The story begins in October, 1999, when the Islamic Wakf, the Moslem trust, conducted an illegal and archeologically damaging construction operation on the south-east corner of the Temple Mount. During this operation, 10,000 tons of rubble, bursting with archeological wealth relevant to Jewish, Christian and Moslem history, was removed by heavy machinery and unceremoniously dumped by trucks into the nearby Kidron Valley. Starting in November, 2004, Bar Ilan University archeology professor Dr. Gabriel Barkay and a small team, led by his former student Zachi Zweig, transferred 68 truckloads of the rubble saturated with archaeological finds from the garbage dump to the Emek Zurim National Park and began the first examination of this holy soil.

    The extrodinary significance of this project is because the Temple Mount, also known as Har Habyit and Mount Moriah, is the theological, national, cultural epicenter of the Jewish people. This is the place that King David purchased from Ornan, the city’s former Jebusite king in the eleventh century BCE. It is described in the Bible, 1 Chronicles 21:25, “So David paid Ornan for the site 600 shekels’ worth of gold.” It was on this site that King Solomon, David’s son, built the first Temple in the tenth century, BCE. This temple was destroyed in 586 BCE by the Babylonians. The second temple was rebuilt on the same site in 516 BCE under the leadership of Ezra and then renovated and enlarged by Herod the Great in 20 BCE. The second temple was destroyed in 70 CE by the Romans. Since that time, Jews have had no or limited access to the Temple Mount. Even today, during “open” days, Jews and Christian are allowed to ascend the Temple Mount, but only if they conform to a strict set of Wakf guidelines, which includes demands that they not pray or bring any “holy objects” to the site.

    The area of the Temple Mount Sifting Project is better known to many by the New Testament Name of the Valley of Jehosephat. It is located between Mount Scopus and the Mount of Olives and commands a lovely view of the Temple Mount. While the work that I did was simple, the experience was exhilarating. It began when I chose a bucket filled with material taken from the Temple Mount that had been soaking in water. I spilled the material onto a metal screen and then used a hose to meticulously wash off the mud from the material. Then with great expectations, I began to scan the material for treasures. Since I was looking at debris that came from underneath both Temples, the possibilities were unlimited. I was certain that I would find pieces of weapons that were used by Jews to fight the Babylonians or the Romans, ancient coins or even one of the 12 gems from the High Priest’s golden breastplate. Each bucket that I dumped onto the screen was like a gambler rolling the dice. I had another chance to “hit the archeological jackpot.” Like most gamblers, I never hit the jackpot. But unlike most gamblers, I left a winner. For two days, I was physically connected to this wonderful and holy place that was, and remains, a vital part of our history and culture. Although I found no coins, I did find bits of Roman glass and mosaic, old pottery and many bone fragments. (Part of Temple service performed by the priests consisted of daily animal sacrifices.) I also had the opportunity to meet and talk with the director, Zachi Zweig.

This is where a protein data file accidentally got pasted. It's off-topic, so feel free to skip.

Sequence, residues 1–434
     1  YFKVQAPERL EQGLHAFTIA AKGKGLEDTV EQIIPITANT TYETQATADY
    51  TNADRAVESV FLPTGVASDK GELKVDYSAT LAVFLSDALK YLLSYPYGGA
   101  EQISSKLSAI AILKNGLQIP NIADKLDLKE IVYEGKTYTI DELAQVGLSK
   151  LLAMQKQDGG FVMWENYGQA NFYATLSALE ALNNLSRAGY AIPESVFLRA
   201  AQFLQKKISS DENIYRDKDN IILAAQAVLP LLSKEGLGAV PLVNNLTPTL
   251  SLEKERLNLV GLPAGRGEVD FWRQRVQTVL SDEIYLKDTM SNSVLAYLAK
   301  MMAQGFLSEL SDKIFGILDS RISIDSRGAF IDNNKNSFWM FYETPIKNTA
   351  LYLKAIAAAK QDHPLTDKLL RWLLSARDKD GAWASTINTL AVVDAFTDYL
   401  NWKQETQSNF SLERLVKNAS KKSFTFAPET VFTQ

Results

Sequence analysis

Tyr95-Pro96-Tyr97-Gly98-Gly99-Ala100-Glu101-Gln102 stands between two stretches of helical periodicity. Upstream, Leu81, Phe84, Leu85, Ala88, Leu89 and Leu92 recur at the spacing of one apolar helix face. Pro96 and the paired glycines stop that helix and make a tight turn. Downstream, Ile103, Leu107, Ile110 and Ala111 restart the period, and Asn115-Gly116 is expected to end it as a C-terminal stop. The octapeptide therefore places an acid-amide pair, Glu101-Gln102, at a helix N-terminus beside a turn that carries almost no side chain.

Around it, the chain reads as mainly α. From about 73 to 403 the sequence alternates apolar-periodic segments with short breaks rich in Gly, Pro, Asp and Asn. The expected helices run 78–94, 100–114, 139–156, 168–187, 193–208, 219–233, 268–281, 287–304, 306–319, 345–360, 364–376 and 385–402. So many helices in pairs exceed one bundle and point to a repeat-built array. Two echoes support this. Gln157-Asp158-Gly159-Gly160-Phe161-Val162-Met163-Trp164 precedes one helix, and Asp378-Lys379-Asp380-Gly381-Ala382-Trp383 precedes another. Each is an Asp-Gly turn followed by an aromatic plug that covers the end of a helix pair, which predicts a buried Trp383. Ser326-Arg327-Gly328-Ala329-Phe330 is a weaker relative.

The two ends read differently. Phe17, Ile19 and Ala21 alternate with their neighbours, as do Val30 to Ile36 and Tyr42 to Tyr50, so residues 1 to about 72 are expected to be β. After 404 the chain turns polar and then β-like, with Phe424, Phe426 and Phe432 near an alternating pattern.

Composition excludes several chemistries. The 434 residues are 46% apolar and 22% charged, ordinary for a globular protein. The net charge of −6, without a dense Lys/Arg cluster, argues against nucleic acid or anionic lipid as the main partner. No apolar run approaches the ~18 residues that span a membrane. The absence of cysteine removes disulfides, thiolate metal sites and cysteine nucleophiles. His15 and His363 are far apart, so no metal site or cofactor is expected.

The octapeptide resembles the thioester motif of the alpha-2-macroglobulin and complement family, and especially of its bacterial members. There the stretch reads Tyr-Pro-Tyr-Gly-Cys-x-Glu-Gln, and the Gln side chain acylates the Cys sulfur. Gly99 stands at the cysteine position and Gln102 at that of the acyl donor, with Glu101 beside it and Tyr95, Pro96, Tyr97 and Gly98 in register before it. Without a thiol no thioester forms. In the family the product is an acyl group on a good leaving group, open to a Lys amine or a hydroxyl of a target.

It is interesting that the idea of the Temple Mount Sifting Project was movingly expressed in the Book of Psalms:

    “Thou wilt arise, and have compassion upon Zion; for it is time to be gracious unto her, for the appointed time is come: For Thy servants take pleasure in her stones, and love her dust.” (Psalms 102: 14-15)

    Note to visitors to Israel – This project is not performed by a small clique of archaeologists. This project depends on volunteers’ participation. I would strongly urge you to volunteer for this remarkable experience. You can spend just a few hours or days at the site. You get the opportunity to meet people from all over Israel and all over the world. It could turn out to be one of the highlights of your life. (For additional information, Google “Temple Mount Sifting Project.”)

    Reply

  7. Spyware Blockers
    Nov 18, 2009 @ 16:04:02

    Just want to tell you thanks for all the great info found on your site, even helped me with my work recently :) keep it up!

    Reply

  8. Avrohom
    Jul 26, 2010 @ 20:39:19

    when will http://www.har-habayt.org be up again?

    Reply

    • templemount
      Aug 11, 2010 @ 19:05:14

      It is down, since there is a new official website of the Temple Mount Antiquities Rescue Committee , which is a invested website that is maintaned proffesionally.

      Reply

  9. MacrocompassionDavid Chester
    Jul 16, 2014 @ 11:01:35

    Great publicity in ESRA magazine! Hope to enroll for voluntary work soon.

    Reply